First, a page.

Environ. Biosafety Res.
Volume 1, Number 1, October 2002
|Page(s)||9 - 18|
|Published online||15 October 2002|
Towards safer vectors for the field release of recombinant bacteria
Laboratoire de Biologie Cellulaire, Institut National de la
Recherche Agronomique, INRA-Versailles, 78026 Versailles Cedex, France
Corresponding author: email@example.com
The prospect of the deliberate environmental release of genetically manipulated microorganisms has given rise to a great deal of polemic. Amongst the rational scientific concerns are those concerned with the fate of the released bacteria, the fate of the recombinant genes that they carry, the selective pressures acting upon them in different environmental situations and the long term effects on the environment and human health. All recombinant DNA is carried by vectors (plasmids, transposons or bacteriophage or remnants of these). Thus the way in which recombinant constructions are made may itself lead to potential biosafety concerns, irrespective of the host bacterium and the recombinant DNA fragment of primary interest. The purpose of the present review is to assess progress in improved vector design aimed at eliminating risks due to the way recombinant vectors are constructed. Improved vector constructions include the avoidance of the use, or removal, of antibiotic resistance genes, the use of defective transposons rather than plasmids in order to reduce horizontal transfer and the development of conditionally lethal suicide systems. More recently, new site-specific recombination systems have permitted transposon vectors to be manipulated following strain construction, but before environmental release, so that virtually all recombinant DNA not directly involved in the release experiment is eliminated. Such bacteria are thus pseudo-wild type in that they contain no heterologous DNA other than the genes of interest.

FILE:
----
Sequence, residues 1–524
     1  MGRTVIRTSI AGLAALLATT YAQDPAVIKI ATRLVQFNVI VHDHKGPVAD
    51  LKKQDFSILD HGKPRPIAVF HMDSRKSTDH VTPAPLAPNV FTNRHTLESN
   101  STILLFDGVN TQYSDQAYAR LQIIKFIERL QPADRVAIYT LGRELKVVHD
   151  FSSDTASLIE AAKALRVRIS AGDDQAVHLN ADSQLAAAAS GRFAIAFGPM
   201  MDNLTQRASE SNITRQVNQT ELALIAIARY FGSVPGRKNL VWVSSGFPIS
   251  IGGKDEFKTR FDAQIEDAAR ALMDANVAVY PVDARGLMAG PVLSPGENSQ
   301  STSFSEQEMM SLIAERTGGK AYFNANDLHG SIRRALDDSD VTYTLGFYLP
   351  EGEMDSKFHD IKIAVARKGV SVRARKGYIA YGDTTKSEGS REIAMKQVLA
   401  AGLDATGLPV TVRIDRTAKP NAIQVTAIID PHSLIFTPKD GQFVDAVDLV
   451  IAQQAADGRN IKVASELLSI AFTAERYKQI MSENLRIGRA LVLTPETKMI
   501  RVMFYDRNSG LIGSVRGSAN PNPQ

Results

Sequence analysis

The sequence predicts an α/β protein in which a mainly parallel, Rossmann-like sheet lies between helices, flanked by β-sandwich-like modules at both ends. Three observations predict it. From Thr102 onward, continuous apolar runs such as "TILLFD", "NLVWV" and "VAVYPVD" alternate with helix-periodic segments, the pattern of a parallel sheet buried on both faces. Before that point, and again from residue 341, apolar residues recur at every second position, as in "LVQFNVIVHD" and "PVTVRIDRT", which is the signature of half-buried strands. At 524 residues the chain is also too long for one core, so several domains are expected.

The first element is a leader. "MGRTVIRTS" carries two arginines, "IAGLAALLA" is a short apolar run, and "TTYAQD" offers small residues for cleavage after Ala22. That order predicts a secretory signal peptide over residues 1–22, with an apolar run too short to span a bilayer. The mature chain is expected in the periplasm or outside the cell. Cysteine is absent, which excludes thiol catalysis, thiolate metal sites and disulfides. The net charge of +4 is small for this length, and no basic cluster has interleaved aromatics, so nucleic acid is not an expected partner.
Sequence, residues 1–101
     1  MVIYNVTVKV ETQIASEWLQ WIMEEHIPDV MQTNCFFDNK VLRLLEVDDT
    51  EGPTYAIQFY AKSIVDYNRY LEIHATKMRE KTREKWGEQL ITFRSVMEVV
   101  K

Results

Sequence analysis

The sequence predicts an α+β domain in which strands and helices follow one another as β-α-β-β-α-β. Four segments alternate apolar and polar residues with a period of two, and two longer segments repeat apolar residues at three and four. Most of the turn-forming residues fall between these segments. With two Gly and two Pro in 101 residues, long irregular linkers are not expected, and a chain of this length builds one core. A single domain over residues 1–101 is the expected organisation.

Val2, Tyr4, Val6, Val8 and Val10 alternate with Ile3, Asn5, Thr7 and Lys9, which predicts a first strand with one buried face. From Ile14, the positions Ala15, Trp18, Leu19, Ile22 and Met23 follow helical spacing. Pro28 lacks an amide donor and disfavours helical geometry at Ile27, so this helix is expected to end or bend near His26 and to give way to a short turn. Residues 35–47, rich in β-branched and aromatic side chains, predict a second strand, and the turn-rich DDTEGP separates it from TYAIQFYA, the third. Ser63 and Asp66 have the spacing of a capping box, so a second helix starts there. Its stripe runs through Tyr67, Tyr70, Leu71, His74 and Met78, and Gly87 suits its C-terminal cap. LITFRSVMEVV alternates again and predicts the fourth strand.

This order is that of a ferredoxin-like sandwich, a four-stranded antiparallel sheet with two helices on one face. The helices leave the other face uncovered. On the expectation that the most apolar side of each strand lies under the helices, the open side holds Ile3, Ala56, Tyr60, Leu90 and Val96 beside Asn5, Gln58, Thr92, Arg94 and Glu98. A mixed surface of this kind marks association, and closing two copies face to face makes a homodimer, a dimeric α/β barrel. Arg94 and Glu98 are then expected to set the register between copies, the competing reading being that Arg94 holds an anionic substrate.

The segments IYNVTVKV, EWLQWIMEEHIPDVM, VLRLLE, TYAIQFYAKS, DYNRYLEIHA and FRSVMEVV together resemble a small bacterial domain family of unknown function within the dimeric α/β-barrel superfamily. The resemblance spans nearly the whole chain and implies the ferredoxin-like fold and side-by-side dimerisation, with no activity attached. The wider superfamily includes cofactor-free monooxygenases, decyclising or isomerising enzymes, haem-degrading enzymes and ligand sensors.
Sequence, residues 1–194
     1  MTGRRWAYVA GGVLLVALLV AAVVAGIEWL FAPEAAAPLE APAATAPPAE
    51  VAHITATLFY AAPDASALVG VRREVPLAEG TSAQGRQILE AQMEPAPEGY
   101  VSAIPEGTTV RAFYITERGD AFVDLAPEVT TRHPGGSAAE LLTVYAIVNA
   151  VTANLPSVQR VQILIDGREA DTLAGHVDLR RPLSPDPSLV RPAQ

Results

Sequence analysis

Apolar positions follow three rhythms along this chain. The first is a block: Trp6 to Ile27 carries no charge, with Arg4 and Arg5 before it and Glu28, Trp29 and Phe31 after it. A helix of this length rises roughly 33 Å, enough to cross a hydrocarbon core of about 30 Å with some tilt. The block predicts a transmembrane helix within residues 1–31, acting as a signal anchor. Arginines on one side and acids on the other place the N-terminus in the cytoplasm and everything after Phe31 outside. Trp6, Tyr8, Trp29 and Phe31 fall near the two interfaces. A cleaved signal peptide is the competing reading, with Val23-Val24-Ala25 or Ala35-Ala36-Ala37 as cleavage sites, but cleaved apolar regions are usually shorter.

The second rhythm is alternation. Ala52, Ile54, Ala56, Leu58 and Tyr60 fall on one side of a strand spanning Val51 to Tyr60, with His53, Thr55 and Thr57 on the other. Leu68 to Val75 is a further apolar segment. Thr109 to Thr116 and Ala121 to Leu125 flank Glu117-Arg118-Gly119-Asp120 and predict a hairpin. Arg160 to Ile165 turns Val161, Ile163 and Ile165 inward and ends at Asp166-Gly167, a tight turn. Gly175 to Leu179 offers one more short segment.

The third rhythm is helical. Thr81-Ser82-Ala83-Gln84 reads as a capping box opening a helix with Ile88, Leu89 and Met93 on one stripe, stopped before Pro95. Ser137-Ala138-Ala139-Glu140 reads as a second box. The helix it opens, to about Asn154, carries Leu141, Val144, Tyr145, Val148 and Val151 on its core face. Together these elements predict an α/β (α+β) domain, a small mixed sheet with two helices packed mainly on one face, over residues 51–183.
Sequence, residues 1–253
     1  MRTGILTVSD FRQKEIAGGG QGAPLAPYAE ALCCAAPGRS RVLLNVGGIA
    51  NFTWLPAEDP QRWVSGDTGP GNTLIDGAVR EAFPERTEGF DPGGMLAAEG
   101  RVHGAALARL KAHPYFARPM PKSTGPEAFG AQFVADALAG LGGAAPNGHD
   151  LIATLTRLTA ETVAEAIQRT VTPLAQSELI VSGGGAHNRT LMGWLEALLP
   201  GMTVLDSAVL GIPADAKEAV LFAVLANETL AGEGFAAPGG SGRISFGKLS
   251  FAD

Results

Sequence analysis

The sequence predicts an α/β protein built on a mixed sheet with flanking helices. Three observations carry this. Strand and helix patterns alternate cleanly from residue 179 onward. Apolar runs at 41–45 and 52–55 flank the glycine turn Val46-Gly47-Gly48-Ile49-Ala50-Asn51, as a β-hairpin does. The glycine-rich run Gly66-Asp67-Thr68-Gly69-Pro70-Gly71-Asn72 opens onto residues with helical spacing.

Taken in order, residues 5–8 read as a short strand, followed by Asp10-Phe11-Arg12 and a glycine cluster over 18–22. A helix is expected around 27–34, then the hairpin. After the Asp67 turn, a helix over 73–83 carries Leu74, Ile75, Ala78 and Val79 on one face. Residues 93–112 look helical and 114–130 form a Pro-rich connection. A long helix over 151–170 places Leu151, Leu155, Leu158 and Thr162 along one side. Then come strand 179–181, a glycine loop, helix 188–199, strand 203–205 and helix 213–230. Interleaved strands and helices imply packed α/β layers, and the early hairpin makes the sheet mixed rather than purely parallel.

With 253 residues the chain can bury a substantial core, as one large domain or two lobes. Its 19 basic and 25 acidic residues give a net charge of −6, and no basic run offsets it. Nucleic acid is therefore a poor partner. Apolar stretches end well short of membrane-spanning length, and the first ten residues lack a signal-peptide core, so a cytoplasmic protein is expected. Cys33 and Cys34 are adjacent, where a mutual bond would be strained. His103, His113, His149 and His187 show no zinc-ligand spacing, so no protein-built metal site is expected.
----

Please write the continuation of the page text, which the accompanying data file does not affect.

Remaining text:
Key words: recombinant DNA / horizontal gene transfer / plasmid / transposon / vector / biological control / suicide genes / biodegradation / site-specific recombination / GMO.
© ISBR, EDP Sciences, 2002